by clicking the arrows at the side of the page, or by using the toolbar.
by clicking anywhere on the page.
by dragging the page around when zoomed in.
by clicking anywhere on the page when zoomed in.
web sites or send emails by clicking on hyperlinks.
Email this page to a friend
Search this issue
Index - jump to page or section
Archive - view past issues
Project Manager : Project Manager Feb Mar 2013
36 Project Manager SILVIA DE RIDDER Silvia de Ridder is an AIPM CPPD Assessor and Principal of Unconscious Potential. CAREER CENTRE The brain train Continual learning is essential for professional development but our brains are already constantly trying to process a mass of information. So how can we best prepare to take in new information effectively? MEMORY IS A COMPLEX AND MARVELLOUS system that underpins how you lear n, what you know about yourself and the world around you, and even how you move. ere are four keys types of memory: the short-ter m working memory, and the three longer-term types: episodic memory, semantic memory and procedural memory. Working memory Engaging the short-ter m, working memory helps us to process information as it comes. Working memory is an active system that is engaged while you are thinking and processing the information from the world around you. Without it, you couldn't keep in mind a number that you were about to dial, or the name of the person you have just met. Episodic memory Episodic memory is autobiographical; it provides us with a crucial record of our personal e xperiences. It is our episodic memory that allows us to remember the trip we took to Vegas, what we had for dinner last night, who told us that our friend Maryann was pregnant. It starts to decline in your early 40s. Semantic memory Accounting for our 'textbook lear ning' or general knowledge about the world, semantic memory enables us to say, without knowing e xactly when and where we learnt it, that a zebra is a striped animal, or that Paris is the major city in France. Procedural memory We draw on procedural memory for tasks we do automatically, such riding a bike, tying our shoes and washing dishes. It's our 'how to' knowledge. Build a better brain? With training, people have improved their mental agility after just two weeks. e following strategies, based on research at UCLA's Semel Institute for Neuroscience and Human Behaviour, can help. 1. Stretch your thinking. Crossword puzzles have long been touted as mental strengtheners and, if crosswords aren't your thing, try Sudoku or other brainteaser puzzles, or sign up for a class in a subject new to you. In addition, the work of neuroscience has led to the design of a number of websites speci cally targeted at exercising the brain. Examples include MyBrainSolutions, Lumosity, PositScience. 2. Get moving. Exercise increases blood ow that helps nourish brain tissue. It also helps prevent or control other health conditions which can interfere with memory. In addition, exercise has a positive e ect on mood and stress management. 3. Eat right. Fish really does seem to be brain food, as do nuts and olive oil.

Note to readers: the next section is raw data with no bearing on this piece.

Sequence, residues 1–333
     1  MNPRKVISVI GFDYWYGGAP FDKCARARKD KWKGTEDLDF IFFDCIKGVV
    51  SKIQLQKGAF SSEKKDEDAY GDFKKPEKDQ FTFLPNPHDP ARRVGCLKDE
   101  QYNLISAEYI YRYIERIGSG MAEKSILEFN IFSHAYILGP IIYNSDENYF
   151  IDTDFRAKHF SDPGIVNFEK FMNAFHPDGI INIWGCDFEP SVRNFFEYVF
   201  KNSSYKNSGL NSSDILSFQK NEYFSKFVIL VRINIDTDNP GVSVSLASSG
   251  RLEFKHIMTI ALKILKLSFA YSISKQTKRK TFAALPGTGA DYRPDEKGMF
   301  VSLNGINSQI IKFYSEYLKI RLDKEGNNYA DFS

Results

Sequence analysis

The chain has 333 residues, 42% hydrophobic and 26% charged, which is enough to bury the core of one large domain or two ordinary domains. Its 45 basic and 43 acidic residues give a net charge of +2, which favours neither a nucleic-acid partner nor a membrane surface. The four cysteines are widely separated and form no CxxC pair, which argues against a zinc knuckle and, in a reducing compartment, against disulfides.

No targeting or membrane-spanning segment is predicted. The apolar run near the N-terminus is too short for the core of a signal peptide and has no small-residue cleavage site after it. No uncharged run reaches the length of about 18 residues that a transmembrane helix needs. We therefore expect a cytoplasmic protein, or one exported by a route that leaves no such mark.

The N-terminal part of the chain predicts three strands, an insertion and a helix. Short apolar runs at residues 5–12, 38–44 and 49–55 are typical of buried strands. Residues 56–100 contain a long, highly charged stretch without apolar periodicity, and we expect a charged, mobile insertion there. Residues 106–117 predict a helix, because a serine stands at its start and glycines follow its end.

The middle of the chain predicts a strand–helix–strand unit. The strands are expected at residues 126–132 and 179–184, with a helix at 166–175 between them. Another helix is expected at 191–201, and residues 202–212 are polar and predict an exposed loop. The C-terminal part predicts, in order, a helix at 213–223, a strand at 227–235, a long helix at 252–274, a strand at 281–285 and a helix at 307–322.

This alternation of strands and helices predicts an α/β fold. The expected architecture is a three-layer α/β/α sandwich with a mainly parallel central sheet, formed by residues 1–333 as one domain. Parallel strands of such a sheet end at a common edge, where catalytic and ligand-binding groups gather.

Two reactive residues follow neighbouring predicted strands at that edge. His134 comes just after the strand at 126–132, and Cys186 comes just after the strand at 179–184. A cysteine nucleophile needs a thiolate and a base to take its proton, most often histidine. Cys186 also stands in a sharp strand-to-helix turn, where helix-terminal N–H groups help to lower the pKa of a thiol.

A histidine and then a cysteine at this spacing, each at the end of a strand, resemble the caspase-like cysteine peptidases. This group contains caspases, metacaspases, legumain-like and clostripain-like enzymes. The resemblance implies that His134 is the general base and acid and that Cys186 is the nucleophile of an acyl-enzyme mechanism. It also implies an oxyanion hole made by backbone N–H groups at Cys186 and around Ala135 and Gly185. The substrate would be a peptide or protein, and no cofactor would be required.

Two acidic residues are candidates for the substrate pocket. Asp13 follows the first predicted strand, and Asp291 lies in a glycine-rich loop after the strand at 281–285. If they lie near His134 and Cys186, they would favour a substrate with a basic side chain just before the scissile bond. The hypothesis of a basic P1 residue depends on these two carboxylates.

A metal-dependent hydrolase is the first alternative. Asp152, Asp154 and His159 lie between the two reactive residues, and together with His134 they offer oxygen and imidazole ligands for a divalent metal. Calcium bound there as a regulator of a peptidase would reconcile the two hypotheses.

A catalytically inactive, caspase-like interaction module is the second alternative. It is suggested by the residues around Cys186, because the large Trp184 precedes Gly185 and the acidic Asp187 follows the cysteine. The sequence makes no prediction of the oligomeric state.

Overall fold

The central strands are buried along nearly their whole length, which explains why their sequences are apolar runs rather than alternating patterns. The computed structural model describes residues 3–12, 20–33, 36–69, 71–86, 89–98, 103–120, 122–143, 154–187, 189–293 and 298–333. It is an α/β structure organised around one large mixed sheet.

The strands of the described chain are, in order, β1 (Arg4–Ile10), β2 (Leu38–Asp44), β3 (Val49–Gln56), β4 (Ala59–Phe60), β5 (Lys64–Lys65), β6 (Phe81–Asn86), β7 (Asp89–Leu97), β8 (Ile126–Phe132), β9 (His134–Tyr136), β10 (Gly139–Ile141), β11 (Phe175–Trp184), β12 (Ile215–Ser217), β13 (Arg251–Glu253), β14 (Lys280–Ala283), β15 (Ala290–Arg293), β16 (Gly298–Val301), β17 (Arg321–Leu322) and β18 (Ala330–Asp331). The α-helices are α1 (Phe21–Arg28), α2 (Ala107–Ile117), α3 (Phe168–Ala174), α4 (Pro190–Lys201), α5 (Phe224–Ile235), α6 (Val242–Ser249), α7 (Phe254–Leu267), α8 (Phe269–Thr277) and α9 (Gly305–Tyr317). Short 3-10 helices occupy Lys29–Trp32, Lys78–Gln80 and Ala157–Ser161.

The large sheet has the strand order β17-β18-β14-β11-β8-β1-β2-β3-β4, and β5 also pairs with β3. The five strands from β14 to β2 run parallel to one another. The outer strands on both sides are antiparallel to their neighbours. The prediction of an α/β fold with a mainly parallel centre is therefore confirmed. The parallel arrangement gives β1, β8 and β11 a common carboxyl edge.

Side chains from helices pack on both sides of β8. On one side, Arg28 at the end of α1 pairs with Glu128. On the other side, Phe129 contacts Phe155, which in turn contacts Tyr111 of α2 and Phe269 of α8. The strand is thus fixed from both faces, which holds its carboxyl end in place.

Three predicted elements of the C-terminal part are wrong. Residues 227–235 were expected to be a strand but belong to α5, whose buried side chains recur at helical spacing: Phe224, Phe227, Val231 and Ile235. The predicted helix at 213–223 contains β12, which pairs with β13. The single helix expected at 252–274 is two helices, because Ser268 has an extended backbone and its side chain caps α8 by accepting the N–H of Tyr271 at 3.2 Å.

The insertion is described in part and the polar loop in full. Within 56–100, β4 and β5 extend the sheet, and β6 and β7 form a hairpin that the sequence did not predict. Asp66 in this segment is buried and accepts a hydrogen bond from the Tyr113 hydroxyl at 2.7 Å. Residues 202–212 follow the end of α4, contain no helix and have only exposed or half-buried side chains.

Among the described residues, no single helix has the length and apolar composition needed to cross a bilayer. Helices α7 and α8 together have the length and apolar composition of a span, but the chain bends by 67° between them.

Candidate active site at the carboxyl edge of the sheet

Project Manager Dec Jan 2013
Project Manager Apr May 2013